Thursday, October 14, 2010

Old Habits Die Hard

All of us have problems changing our habits. Replacing a bad habit with a good one often involves reconstructing our lives.

Career criminals have it harder than most of us.

In a blog post last month Dr. Stanton Samenow showed why career criminals, no matter how much they want to mend their ways, tend to fall back into their old patterns. Link here. (Thanks to Ari Mendelson for forwarding this to me.)

Dr. Samenow writes: “Old patterns do not die or even diminish without great effort. The scope of the task of change is far more all encompassing then they ever imagined. "What do you have that compares to cocaine?" one offender asked. He was referring not just to the drug but to the entire way of life that drugs offer -- the people, the places, the thrill of the deal, and the other illicit activities that are part of the world of drugs and crime. He found that working at a day to day job, trying to make ends meet financially, attending meetings, and living an ordinary life was excruciatingly boring. Initially very sincere about change, he had done well by any standard. But he gave it all up and returned to crime, eventually getting arrested and returning to confinement with new charges and probation violations.”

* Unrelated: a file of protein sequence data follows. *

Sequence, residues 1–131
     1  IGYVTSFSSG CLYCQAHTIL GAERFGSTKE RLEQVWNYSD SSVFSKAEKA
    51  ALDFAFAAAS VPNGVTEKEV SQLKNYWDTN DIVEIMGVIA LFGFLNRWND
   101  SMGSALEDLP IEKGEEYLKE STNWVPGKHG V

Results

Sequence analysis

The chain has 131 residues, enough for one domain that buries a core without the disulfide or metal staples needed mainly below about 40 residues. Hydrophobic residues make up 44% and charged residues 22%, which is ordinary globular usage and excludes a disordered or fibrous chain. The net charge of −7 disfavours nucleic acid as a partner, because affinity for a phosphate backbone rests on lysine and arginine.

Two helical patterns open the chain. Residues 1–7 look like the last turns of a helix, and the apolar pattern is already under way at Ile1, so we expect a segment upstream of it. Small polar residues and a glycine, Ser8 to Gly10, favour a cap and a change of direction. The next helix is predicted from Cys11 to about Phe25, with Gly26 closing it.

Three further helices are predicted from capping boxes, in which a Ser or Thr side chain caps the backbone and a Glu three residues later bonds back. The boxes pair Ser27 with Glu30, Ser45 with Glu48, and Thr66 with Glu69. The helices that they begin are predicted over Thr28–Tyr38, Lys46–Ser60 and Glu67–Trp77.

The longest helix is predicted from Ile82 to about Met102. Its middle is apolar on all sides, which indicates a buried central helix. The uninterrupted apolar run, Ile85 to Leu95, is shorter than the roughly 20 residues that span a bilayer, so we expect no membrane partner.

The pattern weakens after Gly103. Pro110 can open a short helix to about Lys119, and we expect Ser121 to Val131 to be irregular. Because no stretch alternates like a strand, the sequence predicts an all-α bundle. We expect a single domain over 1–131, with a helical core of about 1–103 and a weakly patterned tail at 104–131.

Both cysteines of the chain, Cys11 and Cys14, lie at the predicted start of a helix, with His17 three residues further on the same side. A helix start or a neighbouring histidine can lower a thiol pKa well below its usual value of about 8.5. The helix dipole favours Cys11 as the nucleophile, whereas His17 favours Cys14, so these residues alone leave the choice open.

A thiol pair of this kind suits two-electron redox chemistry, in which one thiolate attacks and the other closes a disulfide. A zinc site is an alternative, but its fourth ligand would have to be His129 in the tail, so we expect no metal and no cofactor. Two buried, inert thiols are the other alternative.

He continues to explain that the same rule applies to weight loss: “Perhaps an analogy is a person who is enthused about losing weight. He readily sheds a few pounds. Then he sees what weight reduction that is enduring requires, namely an entire new set of eating habits. Only with the offender, he is confronted with changing an entire way of life. This is doable, but it is accomplished only with prolonged effort -- not doing things he wants to do and doing plenty of things he does not want to.”

Change, real consequential change, whether it is about moving out of the world and life of crime or out of the world and life of weight gain, requires work. It takes more than a change of attitude or a boost to your self-esteem.

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